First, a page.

# Residuals from GARCH(1,2) model look almost identical with the starting dataset (financial market returns) -- is this normal?

Caveat emptor: I'm relatively new to (G)ARCH models - here using financial markets as dataset just for convenience. If my question is known topic / logical fallacy please point me in the right direction. Kind TIA.

My problem: In analyzing GARCH models, the residuals after a model fit look very similar to the original dataset -- at least for financial market returns (here below for SP500 market returns between 2000 and 2022). Is there any particular explanation for why this is the case ?

Code example:

import pandas as pd
import datetime as dt

# SP500 data: from 2000-01-01 -- 2022-06-01
start = dt.datetime(2000, 1, 1)
end = dt.datetime(2022, 6, 1)
sp500 = web.DataReader('^GSPC', 'yahoo', start=start, end=end)

#### The dataset is SP500 market returns, scaled to 100
retSP500 = 100 * sp500['Adj Close'].pct_change().dropna()

#### Build a GARCH(1,2) model for this data
from arch import arch_model

model_garch_1_2 = arch_model(retSP500, mean = "Constant",  vol = "GARCH", p=2, q=1)
res_garch_1_2 = model_garch_1_2.fit()


As a result, the model residuals -- res_garch_1_2.resid -- are almost identical with the input dataset -- retSP500:

# GARCH(1,2) model fit residuals
>>> res_garch_1_2.resid.describe()

count    5639.000000
mean       -0.037597
std         1.242744
min       -12.047766
25%        -0.543124
50%        -0.002837
75%         0.521157
max        11.516327
Name: resid, dtype: float64

# The original dataset
>>> retSP500.describe()

count    5639.000000
mean        0.026113
std         1.242744
min       -11.984055
25%        -0.479414
50%         0.060874
75%         0.584868
max        11.580037

### Quick 1-1 comparison between the starting dataset and residuals

Date
2000-01-04   -3.898177
2000-01-05    0.128508
2000-01-06    0.031857
2000-01-07    2.645330
2000-01-10    1.055287
2000-01-11   -1.369962
2000-01-12   -0.502348
2000-01-13    1.153260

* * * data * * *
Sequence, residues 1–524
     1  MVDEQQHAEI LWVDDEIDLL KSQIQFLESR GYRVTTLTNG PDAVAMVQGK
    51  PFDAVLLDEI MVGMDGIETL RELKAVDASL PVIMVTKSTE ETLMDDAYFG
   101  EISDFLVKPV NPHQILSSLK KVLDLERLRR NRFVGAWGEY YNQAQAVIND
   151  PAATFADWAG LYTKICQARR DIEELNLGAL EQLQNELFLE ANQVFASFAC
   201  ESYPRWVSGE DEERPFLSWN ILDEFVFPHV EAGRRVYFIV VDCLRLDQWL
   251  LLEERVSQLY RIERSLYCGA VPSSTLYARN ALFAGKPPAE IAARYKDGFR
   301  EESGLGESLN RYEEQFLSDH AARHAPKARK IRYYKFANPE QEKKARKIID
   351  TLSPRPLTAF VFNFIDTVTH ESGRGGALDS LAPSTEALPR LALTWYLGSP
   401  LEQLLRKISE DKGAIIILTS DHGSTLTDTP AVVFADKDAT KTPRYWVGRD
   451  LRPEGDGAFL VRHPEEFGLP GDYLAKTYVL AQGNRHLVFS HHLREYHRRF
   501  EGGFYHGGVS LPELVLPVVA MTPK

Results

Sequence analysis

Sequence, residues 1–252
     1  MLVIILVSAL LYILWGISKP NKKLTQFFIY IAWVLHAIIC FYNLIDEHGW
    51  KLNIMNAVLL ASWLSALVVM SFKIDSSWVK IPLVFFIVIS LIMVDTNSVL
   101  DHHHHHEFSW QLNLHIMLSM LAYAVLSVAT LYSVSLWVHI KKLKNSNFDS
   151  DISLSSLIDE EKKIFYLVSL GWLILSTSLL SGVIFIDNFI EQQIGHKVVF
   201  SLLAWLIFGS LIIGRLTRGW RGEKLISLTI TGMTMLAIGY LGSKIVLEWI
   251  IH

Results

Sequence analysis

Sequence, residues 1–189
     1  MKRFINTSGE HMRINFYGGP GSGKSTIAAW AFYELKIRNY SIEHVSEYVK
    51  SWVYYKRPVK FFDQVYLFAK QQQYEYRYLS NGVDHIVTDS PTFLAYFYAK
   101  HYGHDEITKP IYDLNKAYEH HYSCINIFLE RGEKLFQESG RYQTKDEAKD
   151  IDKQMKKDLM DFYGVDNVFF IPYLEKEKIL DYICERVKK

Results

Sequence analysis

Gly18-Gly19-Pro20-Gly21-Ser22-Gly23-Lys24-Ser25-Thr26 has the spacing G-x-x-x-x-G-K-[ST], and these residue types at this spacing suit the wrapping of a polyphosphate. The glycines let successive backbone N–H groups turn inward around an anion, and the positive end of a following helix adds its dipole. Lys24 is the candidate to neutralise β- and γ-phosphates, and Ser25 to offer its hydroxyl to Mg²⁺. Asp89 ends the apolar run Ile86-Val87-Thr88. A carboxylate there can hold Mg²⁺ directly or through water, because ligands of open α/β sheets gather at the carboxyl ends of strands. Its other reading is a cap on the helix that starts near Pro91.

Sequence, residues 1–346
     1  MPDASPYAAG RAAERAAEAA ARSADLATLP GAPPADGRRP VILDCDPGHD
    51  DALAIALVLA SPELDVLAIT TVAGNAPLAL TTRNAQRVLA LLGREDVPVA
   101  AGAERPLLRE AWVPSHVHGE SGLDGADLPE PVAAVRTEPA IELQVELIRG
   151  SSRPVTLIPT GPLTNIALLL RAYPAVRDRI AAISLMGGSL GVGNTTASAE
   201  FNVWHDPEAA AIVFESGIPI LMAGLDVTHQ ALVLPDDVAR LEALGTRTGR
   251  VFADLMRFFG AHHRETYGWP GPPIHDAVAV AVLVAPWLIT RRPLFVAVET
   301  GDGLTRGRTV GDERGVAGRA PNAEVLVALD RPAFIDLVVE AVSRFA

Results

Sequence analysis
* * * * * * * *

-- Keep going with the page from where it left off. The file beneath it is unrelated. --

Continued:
2000-01-14    1.003420
2000-01-18   -0.746918
2000-01-19   -0.011481
2000-01-20   -0.773242
2000-01-21   -0.354942
2000-01-24   -2.827070
2000-01-25    0.542770
2000-01-26   -0.484983
2000-01-27   -0.457553
2000-01-28   -2.809393
2000-01-31    2.458046
2000-02-01    0.999072

Date
2000-01-04   -3.834467
2000-01-05    0.192218
2000-01-06    0.095568
2000-01-07    2.709040
2000-01-10    1.118997
2000-01-11   -1.306251
2000-01-12   -0.438637
2000-01-13    1.216970
2000-01-14    1.067130
2000-01-18   -0.683207
2000-01-19    0.052229
2000-01-20   -0.709532
2000-01-21   -0.291232
2000-01-24   -2.763359
2000-01-25    0.606480
2000-01-26   -0.421272
2000-01-27   -0.393843
2000-01-28   -2.745683
2000-01-31    2.521757
2000-02-01    1.062782



I haven't made any more "in-depth" analysis of the two series, but they look almost identical.

So my question is: Is this similarity just an artefact due to the datasets/model/methodology I used? Or is this a "feature" of GARCH models that I am not aware of ?

(Side note: The original purpose of building the model in the first place is learning -- particularly, on what consists of a "good metric" for volatility / conditional variance for time-series data, and I use the SP500 financial market returns dataset just for convenience. While I assume that's tangential to my question, I mention it here just in case it's relevant nonetheless).

A GARCH(r,s) model looks something like this: \begin{aligned} x_t &= \mu_t + u_t, \\ \mu_t &= \dots, \\ u_t &= \sigma_t \varepsilon_t, \\ \sigma_t^2 &= \omega + \alpha_1 u_{t-1}^2 + \dots + \alpha_s u_{t-s}^2 + \beta_1 \sigma_{t-1}^2 + \dots + \beta_r \sigma_{t-r}^2, \\ \varepsilon_t &\sim i.i.D(0,1) \end{aligned} where $$\mu_t$$ is the conditional mean of $$x_t$$, $$\sigma_t^2$$ is the conditional variance of $$x_t$$ and $$D$$ is some probability distribution with zero mean and unit variance.
There are two types of residuals in a GARCH model: raw ones $$u_t$$ and standardized ones $$\varepsilon_t$$. If we set the conditional mean to be zero, we obtain $$u_t=x_t$$. That is, raw residuals are the same as the original data $$x_t$$. If we set it to be a constant $$c$$, we obtain $$u_t=x_t-c$$, i.e. raw residuals differ from the original data by a constant. I am not familiar with coding in Python, but it looks like the conditional mean model in your specification happens to be a constant; the two time series you have presented differ by $$0.06371$$ at all time points.
The interesting type of residuals in a GARCH model is however not the raw $$u_t$$ but the standardized $$\varepsilon_t$$. It is the latter that is used in GARCH model diagnostics. For a well-fitting GARCH model, they should be approximately homoskedastic with a mean of zero and a variance of $$1$$.